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The economic backdrop to the Chancellor’s Autumn Statement is different from recent ‘set-piece’ events; the economy is growing at its most consistent rate since 2010 with forecasters expecting this improved performance to continue in 2014.

Reflecting the better economic outlook, the independent Office for Budget Responsibility (OBR) is expected to revise its forecasts for GDP growth upwards and lower its government borrowing forecasts. Its new assessment of the economy and public finances will be published alongside the Autumn Statement.

Analysis of the factors underpinning the improved growth performance and of whether the recovery can be sustained over the long-term is provided in section 2, while recent trends in bank lending to consumers and businesses, including small firms, are examined in section 3.

Despite higher growth rates, earnings are still growing by less than inflation, extending a phenomenon that began at the start of the 2008/2009 recession. The issue of rising energy bills has become totemic in the current political debate on living standards. Background information on green levies on energy bills, together with proposed policy changes, is provided in section 4.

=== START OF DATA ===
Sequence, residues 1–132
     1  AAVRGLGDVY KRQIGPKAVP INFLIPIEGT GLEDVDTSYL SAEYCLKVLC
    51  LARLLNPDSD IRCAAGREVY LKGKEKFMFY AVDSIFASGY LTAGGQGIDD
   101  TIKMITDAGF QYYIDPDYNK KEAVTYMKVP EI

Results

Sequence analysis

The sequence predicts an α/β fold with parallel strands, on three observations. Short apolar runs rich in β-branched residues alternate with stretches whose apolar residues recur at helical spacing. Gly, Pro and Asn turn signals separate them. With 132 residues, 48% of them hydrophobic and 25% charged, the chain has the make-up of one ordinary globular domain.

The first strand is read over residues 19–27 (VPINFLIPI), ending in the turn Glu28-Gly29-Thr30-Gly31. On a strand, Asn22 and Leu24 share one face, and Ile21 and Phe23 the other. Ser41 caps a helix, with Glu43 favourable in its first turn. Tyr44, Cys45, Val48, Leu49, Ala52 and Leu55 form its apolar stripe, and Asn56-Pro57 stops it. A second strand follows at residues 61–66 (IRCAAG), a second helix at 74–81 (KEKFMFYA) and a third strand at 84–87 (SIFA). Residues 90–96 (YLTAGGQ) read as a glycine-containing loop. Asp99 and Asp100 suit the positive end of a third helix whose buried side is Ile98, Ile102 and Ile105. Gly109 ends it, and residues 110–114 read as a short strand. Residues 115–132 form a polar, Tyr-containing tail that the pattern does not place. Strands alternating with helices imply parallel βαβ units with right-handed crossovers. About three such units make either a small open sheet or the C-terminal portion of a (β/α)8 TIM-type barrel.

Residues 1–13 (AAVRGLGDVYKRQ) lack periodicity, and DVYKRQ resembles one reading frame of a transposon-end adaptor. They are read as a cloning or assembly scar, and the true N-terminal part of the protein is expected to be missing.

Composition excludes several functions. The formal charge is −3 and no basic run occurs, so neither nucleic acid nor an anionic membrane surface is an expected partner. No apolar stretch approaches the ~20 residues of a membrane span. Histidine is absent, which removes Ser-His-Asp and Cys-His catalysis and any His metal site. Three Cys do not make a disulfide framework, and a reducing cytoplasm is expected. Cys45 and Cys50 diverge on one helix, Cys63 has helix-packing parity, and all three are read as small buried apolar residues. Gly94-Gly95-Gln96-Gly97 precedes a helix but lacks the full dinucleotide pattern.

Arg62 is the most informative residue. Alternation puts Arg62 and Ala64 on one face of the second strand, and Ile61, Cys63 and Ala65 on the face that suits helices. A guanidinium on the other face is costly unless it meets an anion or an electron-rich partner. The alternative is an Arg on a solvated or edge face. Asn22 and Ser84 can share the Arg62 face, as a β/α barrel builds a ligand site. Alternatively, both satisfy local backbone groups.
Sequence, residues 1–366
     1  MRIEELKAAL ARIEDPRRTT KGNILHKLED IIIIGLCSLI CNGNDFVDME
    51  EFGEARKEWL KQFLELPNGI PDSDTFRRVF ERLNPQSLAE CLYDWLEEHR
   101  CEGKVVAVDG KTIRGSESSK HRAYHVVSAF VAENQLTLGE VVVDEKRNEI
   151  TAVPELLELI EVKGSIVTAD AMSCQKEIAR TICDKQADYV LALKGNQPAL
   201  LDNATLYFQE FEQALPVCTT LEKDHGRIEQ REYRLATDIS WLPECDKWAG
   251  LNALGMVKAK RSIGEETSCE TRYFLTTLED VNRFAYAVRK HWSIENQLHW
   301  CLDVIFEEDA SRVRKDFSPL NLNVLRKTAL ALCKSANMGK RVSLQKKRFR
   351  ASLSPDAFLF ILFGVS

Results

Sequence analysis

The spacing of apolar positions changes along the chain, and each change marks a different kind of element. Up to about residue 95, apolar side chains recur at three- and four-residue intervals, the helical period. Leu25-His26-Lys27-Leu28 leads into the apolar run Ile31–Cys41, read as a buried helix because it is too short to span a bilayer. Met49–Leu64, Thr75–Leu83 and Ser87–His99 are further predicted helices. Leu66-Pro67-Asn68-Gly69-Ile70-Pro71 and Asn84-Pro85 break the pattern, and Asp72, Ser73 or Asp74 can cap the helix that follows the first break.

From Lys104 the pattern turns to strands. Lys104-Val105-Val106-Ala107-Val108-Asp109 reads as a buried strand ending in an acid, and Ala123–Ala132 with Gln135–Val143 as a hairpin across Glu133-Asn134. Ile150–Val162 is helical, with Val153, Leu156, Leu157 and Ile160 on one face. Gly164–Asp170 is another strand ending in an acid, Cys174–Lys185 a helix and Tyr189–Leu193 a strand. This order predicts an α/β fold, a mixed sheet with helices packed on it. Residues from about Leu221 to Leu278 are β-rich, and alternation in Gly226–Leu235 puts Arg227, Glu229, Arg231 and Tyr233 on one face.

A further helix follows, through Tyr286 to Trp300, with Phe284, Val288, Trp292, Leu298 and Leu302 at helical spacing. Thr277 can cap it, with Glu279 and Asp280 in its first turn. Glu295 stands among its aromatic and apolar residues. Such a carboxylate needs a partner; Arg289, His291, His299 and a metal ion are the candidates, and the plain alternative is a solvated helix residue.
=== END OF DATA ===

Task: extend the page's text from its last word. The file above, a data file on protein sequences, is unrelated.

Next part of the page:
The Chancellor is likely to present details of how policies that have been announced earlier in the year, and costing approximately £2 billion, are to be funded. These include:

• Universal free school meals for first three years at primary school (cost: £600 million)

• Transferable tax allowance for some married couples (cost: £700 million)

• An aspiration to scrap the rise in fuel duty planned for September 2014 (cost: £700 million)

The Government has already announced a range of policies to reduce energy bills, to be funded in part by measures to reduce tax avoidance.

Even with the expected improvement in the forecasts for the public finances, the deficit is still expected to be over £100 billion in 2013/14 (over 6% of GDP), limiting the Chancellor’s room for manoeuvre. Any further policy announcements will likely be paid for via tax increases or redeploying existing spending commitments.


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